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This fantastic book proves that top-flight academics can write in a clear, engaging way, and, more importantly, that the work they're doing is utterly necessary. As they reveal the illusions that inhabit all of our minds, Christopher Chabris and Daniel Simons manage to strip us of some highly cherished beliefs while offering non-illusory hope. That in and of itself is a mighty trick to pull off.
But The Invisible Gorilla accomplishes so much more. It is the exact opposite of "pop psychology" (the oversimplification of ideas that are associated vaguely with the field of psychology). Rather than diluting science so we all "get it," Chabris and Simons help us think better, more complexly. They never talk down to their readers, and this indicates more than just politeness or an ability to communicate with a broad audience. Instead, The Invisible Gorilla creates an inclusive, enlightened worldview that imagines--in a realistic rather than illusion-based way--a real possibility for dialogue between people with very different political convictions and social backgrounds. The highly compelling and encouraging (although certainly not coddling!) conclusion lets us glimpse a world in which more reliance on the facts, and less flight into illusion, would mean less anger, less condescension, and less danger. Far from showing that our minds are weak, the authors have demonstrated how much we need to turn to the facts--and, in fact, to each other--to corroboration and data-based consensus. The promise of this intensely reality-based book would seem utopian, if it weren't so realistically conveyed.
By making occasional use of personal anecdotes, Chabris and Simons show that the world of hard science can still include anecdote--the things we experience and retell, and recreate in the retelling, are also the stuff of science. In the fascinating and sobering chapter on the "illusion of cause," which (among other things) explains and debunks the popular association between vaccines and autism, the authors state that narrative is more compelling than lists of data gleaned from studies; one person's story moves us in ways that the results of large-scale scientific experiments do not. But by telling the history of their own experiments and discoveries about illusions in such a fascinating and suspenseful way, Simons and Chabris ultimately help preserve a place for narrative within the world of science, and this is perhaps their greatest accomplishment.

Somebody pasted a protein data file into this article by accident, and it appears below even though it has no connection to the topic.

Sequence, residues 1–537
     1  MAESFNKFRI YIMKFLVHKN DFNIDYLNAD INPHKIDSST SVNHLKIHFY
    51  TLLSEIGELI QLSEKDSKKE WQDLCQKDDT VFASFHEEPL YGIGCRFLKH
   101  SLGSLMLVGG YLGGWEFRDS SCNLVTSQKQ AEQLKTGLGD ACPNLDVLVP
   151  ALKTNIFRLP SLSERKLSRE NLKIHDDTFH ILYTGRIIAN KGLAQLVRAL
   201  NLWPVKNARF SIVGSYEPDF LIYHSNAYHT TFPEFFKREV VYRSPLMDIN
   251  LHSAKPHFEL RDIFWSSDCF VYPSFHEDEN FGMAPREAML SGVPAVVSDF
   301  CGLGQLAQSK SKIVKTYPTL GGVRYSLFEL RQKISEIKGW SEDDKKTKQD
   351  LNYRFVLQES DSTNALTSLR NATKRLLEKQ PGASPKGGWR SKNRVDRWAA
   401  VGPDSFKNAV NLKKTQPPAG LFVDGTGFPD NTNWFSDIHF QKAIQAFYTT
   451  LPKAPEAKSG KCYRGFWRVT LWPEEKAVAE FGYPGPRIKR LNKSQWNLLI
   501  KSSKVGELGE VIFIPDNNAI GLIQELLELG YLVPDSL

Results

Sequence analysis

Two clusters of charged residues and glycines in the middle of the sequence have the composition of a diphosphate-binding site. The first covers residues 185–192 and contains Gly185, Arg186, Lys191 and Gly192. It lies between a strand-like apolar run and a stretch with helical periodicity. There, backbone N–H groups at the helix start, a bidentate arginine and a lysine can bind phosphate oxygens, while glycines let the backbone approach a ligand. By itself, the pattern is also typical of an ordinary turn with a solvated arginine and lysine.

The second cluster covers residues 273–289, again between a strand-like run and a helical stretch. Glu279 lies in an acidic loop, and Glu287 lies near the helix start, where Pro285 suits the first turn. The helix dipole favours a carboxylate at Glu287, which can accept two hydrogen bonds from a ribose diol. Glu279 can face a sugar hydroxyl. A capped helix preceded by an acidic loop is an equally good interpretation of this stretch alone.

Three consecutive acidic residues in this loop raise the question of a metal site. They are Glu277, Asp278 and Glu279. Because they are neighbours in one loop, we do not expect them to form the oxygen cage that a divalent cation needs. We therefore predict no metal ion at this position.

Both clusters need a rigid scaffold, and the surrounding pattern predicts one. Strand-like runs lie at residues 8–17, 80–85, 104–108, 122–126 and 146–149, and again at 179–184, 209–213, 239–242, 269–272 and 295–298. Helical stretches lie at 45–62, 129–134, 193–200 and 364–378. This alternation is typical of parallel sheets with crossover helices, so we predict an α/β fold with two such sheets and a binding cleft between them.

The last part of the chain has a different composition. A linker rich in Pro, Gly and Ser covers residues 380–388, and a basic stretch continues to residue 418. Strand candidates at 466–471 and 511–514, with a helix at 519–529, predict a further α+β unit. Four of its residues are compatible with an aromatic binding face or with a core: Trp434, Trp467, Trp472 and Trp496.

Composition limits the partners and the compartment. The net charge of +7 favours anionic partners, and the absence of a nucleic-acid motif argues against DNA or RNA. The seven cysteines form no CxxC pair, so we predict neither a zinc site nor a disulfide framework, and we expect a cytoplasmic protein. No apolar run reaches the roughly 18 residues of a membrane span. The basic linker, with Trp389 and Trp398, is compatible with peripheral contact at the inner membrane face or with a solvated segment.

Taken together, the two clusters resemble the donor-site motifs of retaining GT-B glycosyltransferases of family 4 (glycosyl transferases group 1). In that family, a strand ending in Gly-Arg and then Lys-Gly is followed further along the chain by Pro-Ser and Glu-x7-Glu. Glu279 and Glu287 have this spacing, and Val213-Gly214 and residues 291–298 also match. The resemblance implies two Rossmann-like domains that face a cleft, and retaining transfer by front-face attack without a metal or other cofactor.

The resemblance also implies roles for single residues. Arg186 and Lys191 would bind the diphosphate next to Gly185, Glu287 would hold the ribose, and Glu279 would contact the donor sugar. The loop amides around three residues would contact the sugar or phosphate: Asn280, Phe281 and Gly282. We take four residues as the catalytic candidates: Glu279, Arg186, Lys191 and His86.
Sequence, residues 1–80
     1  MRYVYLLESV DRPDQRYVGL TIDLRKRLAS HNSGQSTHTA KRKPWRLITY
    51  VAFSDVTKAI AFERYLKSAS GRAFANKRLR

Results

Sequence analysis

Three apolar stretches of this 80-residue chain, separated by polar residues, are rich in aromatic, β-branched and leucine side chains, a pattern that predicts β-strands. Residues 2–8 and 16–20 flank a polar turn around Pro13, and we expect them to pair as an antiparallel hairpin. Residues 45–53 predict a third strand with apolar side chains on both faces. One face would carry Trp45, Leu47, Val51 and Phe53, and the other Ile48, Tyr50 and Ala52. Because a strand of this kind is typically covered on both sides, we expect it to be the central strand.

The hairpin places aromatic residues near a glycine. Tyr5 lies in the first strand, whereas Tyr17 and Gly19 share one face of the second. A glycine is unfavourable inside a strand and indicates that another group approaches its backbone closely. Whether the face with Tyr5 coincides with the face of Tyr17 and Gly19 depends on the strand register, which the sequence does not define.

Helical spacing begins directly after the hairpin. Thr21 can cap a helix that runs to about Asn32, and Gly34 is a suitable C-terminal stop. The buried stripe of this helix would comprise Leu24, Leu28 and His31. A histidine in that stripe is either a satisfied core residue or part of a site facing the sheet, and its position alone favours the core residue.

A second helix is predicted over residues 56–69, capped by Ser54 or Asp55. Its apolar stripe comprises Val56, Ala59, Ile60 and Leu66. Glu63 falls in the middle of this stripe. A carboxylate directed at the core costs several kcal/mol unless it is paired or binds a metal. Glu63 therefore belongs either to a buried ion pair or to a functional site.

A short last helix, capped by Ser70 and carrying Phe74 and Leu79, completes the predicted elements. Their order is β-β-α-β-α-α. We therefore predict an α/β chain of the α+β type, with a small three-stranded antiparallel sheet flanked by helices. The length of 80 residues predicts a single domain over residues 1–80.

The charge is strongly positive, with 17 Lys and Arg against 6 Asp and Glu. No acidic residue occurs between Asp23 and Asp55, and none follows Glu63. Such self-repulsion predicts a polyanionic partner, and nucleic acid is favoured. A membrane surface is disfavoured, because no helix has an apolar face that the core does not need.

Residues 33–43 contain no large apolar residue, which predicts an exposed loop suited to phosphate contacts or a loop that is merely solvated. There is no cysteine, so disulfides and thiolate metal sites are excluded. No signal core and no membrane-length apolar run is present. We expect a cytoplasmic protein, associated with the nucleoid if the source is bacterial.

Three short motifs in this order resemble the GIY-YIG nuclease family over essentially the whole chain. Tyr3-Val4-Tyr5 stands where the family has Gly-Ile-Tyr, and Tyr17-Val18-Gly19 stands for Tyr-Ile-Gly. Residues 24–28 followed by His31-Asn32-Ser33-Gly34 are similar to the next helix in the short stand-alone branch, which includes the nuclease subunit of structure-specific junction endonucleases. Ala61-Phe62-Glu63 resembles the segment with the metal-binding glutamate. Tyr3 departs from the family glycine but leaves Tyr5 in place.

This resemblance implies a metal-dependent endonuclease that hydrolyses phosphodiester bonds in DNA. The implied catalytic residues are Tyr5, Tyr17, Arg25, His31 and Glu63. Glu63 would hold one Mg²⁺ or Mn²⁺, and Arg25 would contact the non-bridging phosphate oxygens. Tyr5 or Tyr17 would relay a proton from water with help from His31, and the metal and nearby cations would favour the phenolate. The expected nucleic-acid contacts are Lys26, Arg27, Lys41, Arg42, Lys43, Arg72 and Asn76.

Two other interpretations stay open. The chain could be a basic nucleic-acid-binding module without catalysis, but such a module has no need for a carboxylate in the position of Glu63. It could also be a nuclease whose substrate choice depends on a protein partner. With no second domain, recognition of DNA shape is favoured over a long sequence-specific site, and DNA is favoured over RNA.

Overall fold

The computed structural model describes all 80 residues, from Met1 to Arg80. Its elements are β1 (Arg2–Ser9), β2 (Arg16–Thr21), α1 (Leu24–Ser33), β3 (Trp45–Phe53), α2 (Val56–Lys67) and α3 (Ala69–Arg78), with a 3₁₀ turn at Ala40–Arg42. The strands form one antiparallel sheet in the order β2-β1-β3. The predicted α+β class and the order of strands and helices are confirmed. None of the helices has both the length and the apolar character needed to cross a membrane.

Chabris and Simons remind us that the only way to establish the reality behind our illusions is to stop kidding ourselves and run some experiments--and they show us what it means to do that. The Invisible Gorilla gives us access to science, but the fact that Simons and Chabris make it look easy doesn't mean it is. Reading this book, though, you get a sense of what might be possible--if we were as open to fact as we are susceptible to illusion.
 

Review: The Invisible Gorilla: And Other Ways Our Intuitions Deceive Us

User Review  - Leslie Nelson - Goodreads

Fascinating book. I read this a few months ago and I find myself still thinking about it. If you read this you'll never look at the world or your own mind the same way again! ;) Read full review

Review: The Invisible Gorilla: And Other Ways Our Intuitions Deceive Us

User Review  - Richard Williams - Goodreads

illusions of attention, memory, confidence, knowledge, cause, potential. excellent well organized, informative, important book. each chapter is an illusion caused by our mental structures, like ... Read full review

Review: The Invisible Gorilla: And Other Ways Our Intuitions Deceive Us

User Review  - Heather - Goodreads

The authors conducted a experiment a while to see how many people would see something right in from of them while focused on another task. People were asked to watch a video. They were instructed to ... Read full review

Review: The Invisible Gorilla: And Other Ways Our Intuitions Deceive Us

User Review  - Brittney - Goodreads

Any book that I am ever assigned to read for class I initially dread. The Invisible Gorilla, however, was great. I didn't even finish the first chapter before I was hooked. It was an easy and ... Read full review

Review: The Invisible Gorilla: And Other Ways Our Intuitions Deceive Us

User Review  - T. Edmund - Goodreads

The Invisible Gorilla discusses six cognitive illusions that plague the human mind and how these illusions affect individuals and society. While at times the authors perhaps try to put too much on ... Read full review

Review: The Invisible Gorilla: And Other Ways Our Intuitions Deceive Us

User Review  - Deb - Goodreads

* * Do you think you would notice if a gorilla ran into a basketball game that you were diligently counting passes for? Think again! As _The Invisible Gorilla_ reveals, we're all deluded by how ... Read full review

Review: The Invisible Gorilla: And Other Ways Our Intuitions Deceive Us

User Review  - Chris Wood - Goodreads

Captivating topic, perfect examples & study dives, and excellent delivery – The Invisible Gorilla had my attention on page one and maintained it while Chabris & Simpons challenged my perception on how ... Read full review

Review: The Invisible Gorilla: And Other Ways Our Intuitions Deceive Us

User Review  - Michelle - Goodreads

This is an awesome book. I loved the part about the illusion of memory, I loved the part where they warned about correlation becoming causation, and I loved the part about the gorilla experiment. The ... Read full review


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